Most of the historical buildings (excluding forts) found in Trinidad and Tobago are located in Port of Spain, Trinidad. These buildings exhibit a range of architectural influences which stem from the country’s long colonial history. First settled by the Spanish in the 1700s, some urban domestic Spanish Architecture still remains.
Trinidad and Tobago’s architectural heritage ranges from religious structures – churches, mosques and mandirs to military and public buildings to residential buildings of various influences.
However, after Trinidad became a British Colony in 1797, Governor Sir Ralph Woodford implemented an urban development plan for Port of Spain based on a well laid out grid system and buildings took on a British influence. Woodford also sponsored the construction of the Roman Catholic Cathedral of the Immaculate Conception, on what is now the Brian Lara Promenade, and the Anglican Holy Trinity Cathedral on Woodford Square. A Restoration of the Cathedral was completed in 2015 and it now stands as an impressive must-see architectural structure of the city.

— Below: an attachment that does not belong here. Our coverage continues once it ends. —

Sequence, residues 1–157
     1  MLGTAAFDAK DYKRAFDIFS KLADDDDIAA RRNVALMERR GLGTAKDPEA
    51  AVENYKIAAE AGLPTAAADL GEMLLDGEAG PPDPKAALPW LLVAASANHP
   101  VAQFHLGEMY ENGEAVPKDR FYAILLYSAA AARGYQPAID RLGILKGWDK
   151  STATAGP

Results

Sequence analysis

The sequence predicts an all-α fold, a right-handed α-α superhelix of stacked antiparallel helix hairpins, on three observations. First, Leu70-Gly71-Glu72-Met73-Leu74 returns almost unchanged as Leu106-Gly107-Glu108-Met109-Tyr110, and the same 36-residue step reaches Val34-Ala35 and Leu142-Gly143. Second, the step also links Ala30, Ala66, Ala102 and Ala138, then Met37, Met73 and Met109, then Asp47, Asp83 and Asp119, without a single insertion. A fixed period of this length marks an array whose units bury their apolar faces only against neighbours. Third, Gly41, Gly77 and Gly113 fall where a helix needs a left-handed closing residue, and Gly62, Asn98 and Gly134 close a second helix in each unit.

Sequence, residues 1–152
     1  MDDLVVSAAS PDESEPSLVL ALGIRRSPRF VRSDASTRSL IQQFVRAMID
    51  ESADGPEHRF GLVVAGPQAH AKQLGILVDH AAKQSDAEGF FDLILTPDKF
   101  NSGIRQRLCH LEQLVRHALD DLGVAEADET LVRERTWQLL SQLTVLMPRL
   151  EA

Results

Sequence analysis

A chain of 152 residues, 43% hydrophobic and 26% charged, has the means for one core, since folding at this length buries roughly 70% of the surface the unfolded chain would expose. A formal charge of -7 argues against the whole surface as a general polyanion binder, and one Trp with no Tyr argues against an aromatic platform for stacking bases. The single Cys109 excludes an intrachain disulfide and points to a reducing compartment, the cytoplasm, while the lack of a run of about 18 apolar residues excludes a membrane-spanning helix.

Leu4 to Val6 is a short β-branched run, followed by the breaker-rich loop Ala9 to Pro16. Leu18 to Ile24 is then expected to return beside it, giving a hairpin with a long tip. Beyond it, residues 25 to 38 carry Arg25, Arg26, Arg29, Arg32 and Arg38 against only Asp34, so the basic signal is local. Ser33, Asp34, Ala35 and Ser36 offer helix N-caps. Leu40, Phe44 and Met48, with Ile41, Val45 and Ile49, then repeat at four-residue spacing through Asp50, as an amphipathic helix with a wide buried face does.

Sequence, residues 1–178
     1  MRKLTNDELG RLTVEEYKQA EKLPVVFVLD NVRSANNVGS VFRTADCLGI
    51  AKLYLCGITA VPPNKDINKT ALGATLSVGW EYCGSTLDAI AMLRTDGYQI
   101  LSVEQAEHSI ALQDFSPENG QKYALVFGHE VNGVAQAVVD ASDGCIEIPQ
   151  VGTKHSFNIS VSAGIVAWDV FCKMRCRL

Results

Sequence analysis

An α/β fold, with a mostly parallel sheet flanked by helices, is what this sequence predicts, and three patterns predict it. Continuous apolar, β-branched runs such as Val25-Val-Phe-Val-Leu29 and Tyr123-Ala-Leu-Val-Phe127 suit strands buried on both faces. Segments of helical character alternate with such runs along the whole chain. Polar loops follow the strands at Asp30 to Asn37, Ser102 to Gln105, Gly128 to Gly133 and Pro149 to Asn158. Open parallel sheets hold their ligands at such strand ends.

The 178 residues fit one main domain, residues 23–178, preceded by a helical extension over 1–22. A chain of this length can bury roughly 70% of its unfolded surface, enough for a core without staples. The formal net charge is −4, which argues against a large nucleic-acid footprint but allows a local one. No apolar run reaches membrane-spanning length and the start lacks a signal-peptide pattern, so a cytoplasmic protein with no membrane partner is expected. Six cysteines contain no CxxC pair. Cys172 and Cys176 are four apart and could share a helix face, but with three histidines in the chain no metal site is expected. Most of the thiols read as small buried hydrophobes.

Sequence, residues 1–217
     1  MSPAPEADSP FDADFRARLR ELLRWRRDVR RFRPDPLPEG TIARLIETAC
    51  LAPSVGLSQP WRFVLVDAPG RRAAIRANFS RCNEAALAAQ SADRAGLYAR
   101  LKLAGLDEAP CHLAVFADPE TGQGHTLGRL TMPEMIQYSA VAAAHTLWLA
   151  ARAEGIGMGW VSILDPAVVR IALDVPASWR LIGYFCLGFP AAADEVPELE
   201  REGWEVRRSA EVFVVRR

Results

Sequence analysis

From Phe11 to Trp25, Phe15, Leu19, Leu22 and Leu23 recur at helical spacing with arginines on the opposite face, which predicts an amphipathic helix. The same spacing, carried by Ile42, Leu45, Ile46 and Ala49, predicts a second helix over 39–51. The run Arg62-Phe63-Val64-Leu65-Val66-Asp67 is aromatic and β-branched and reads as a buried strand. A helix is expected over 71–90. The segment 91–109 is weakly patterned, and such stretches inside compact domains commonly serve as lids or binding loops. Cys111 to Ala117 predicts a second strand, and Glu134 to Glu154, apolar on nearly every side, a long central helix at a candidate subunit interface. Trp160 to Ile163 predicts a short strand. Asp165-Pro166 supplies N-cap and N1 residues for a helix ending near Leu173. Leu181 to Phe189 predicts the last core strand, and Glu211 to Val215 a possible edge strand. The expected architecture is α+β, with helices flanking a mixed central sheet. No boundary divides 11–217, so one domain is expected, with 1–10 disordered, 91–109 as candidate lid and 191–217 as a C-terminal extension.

Trinidad and Tobago’s nineteenth and twentieth century architectural heritage ranges from religious structures – churches, mosques and mandirs to military and public buildings to residential buildings of various influences.
Around the Queen’s Park Savannah you will be amazed at the architecture. Hundreds-of-years-old Victorian-styled mansions known as the Magnificent Seven will leave you appreciative. Other architecturally beautiful buildings to observe include Academy for the Performing Arts and Knowsley, both on the southern side of the Savannah.
Now modern structures of glass and steel dot the skyline of Port of Spain and stand in contrast to the remnants of its colonial past.